How to be creative on demand

photo-306“Deep in the countryside of Bordeaux, France, anyone out wandering one early-January night in 2013 might have caught a curious sight: a black-haired woman in a lit studio window, scratching out ink drawings of the Alaskan tundra…”

So begins my short ebook, What the Most Successful People Do at Work, in which I profile children’s book illustrator LeUyen Pham. I’ve interviewed her several times over the years. She’s one of my favorite people to write about. She’s achieved success in a difficult field, and is shockingly productive. Quality and quantity do not seem to be trade offs for her. She can conjure up illustrations for 8-9 books a year, while 4-5 titles would be a full schedule for most people. She’s also very good at articulating how a working artist operates. The reality is quite different from the oft-believed impression of the angsty creative type. To reliably produce good work, which is what you need to do to make a good living, you need to be creative on demand. Pham is.

How does she do that?

It’s an important question for anyone embarking on a creative career (and it is “creative careers” week on the blog). Working creatives develop a portfolio of strategies that turn the muse from a fickle and occasional guest into an employee-of-the-month type who punches in 10 minutes early each day.

Strategy number one is to mind your hours. Disciplined creative types know how long things they do repeatedly take, and set goals accordingly. This is how you meet deadlines. Pham told me that it took her about half an hour (one sit-com length — she watches brainless TV while working) to finish a drawing.

Of course, it’s interesting that she knew to watch Seinfeld while working. Being creative on demand requires knowing how and when you work best. You create rituals and a rhythm to your days. Pham told me she would often do thumbnail sketches in the morning while she was fresh. These are the planning drafts for a book’s illustrations, and require a lot of thought. In the afternoon she’d paint versions of the sketches that were approved. That process uses different parts of the brain, and is somewhat more about physical technique than thinking. Since she was living in France when I interviewed her, she’d call people on the East Coast at about 4 p.m. (late morning in NYC). Rhythms are good. When you get a good rhythm going, being creative becomes a habit.

A third strategy: prime your mental environment. When I interviewed her, Pham mentioned reading children’s books to her kids. It’s something many of us do, but for her, it was also a chance to study what the competition was doing, and learn new strategies. She’d make notes of interesting visuals everywhere she went, turning a scene in a cafe into a page in The Boy Who Loved Math. While illustrating a book about the Alaskan far north, she had images of moose hides and Alaskan fabrics in her office so the aesthetics of that world would permeate her consciousness.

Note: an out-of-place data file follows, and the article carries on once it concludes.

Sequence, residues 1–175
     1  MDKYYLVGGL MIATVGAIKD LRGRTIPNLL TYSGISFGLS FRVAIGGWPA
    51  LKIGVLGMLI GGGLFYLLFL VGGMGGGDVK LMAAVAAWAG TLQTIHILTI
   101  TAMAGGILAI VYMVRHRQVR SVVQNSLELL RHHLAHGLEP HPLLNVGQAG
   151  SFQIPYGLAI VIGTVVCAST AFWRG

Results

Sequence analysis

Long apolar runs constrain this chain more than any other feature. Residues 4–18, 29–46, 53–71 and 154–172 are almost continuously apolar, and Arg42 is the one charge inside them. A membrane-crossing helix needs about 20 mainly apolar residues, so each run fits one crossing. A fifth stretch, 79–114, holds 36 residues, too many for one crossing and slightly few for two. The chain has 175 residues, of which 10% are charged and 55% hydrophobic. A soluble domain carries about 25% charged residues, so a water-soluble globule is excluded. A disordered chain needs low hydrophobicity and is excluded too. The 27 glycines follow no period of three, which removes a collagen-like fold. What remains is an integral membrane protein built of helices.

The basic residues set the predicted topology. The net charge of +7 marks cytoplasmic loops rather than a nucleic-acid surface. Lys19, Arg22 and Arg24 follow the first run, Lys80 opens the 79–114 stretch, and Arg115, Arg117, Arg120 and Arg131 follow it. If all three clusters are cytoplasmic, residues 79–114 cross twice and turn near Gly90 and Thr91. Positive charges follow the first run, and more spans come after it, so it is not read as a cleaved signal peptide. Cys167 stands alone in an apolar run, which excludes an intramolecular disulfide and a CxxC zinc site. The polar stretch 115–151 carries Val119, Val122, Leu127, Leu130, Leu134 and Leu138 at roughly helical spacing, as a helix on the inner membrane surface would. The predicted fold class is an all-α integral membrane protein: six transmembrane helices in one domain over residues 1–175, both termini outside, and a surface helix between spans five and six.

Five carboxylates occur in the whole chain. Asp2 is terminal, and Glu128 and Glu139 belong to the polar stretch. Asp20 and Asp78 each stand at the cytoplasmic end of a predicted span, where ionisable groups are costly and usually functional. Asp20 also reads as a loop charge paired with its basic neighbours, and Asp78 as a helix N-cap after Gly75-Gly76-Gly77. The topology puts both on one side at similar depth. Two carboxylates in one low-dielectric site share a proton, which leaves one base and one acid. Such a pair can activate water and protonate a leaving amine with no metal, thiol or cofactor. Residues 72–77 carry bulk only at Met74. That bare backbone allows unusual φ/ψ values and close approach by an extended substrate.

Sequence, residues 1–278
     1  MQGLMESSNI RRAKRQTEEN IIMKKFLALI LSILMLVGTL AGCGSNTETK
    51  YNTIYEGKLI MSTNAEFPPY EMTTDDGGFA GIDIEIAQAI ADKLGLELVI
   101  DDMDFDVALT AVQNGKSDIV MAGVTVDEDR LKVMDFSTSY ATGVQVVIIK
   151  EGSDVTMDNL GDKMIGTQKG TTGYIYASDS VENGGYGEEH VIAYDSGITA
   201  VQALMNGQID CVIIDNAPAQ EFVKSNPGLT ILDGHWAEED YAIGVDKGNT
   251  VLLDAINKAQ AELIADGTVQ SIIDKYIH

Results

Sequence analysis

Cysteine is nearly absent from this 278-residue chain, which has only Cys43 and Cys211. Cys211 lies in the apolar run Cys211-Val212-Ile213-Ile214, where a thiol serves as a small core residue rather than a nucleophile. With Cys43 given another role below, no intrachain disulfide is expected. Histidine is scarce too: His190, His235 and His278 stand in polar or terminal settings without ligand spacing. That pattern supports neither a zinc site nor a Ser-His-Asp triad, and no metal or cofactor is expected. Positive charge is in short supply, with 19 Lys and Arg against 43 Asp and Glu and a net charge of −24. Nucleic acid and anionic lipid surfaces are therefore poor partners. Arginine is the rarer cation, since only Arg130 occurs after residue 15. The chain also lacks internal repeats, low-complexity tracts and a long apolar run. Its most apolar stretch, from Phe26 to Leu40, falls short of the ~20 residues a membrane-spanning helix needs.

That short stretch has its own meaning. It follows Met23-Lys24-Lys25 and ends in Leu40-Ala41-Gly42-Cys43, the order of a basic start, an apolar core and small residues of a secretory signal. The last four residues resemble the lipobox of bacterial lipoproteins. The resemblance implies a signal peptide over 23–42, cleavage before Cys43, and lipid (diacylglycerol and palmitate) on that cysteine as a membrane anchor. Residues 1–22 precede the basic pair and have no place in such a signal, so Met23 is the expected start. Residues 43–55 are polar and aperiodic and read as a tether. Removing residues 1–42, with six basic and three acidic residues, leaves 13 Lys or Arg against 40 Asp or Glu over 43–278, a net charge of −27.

When that failed, she told me she had other tricks in her paint pots, too. While updating a book called There’s No Such Thing As Little, she faced such a block that she could only tiptoe through it by making Christmas ornaments. Her family hadn’t brought their decorations to France from the US, so she coaxed out her creative impulses by making forty carefully crafted sculptures consisting of pine cone elves, cork Santa Clauses, and cork angels. She even painted a face on a hazelnut, glued black felt on it, and made a vampire. This trick of getting her brain to think differently pulled new ideas out, and the book got made. Also, around this time, she got an offer to illustrate a book on the 12 days of Christmas, so all her ornament making time did double duty by letting her ponder Christmas visuals.

[My strategy when blocked? I go for a run. I’d been pretty much blocked on writing What the Most Successful People Do at Work, to the point where I had to ask for an extension, which is something I hate to do. I’m pretty sure that the idea to reach out to Pham, because I realized she’d be the perfect opening story for that ebook, came to me while hustling out in the cold].

The final trick to making this all work, though, is perhaps the most important one with a creative career. Over the years, Pham has worked to get to a place where the projects she chooses to do challenge her and allow her to find joy in steady progress toward a goal she thinks matters: creating delightful books. Disciplined types can certainly finish projects they don’t care about. But it is easier to be creative on demand when work makes you happy. In the long run, you want to get to that point.

How do you prime the pump for creativity? Have you learned to be creative on demand?

In other news: I’m working on a piece called “Keep pitching.” In many service industries (and creative careers), you may get to a point where adequate work comes to you. This is very exciting. It is efficient! And yet many successful people keep pitching new ideas to new clients, even when they don’t need to. This article is about why. If you’ve got a reason you keep pitching, I’d love to hear it! As always, you can email me at lvanderkam at yahoo dot com.

Photo: Examples from my growing collection of LeUyen Pham illustrated books.

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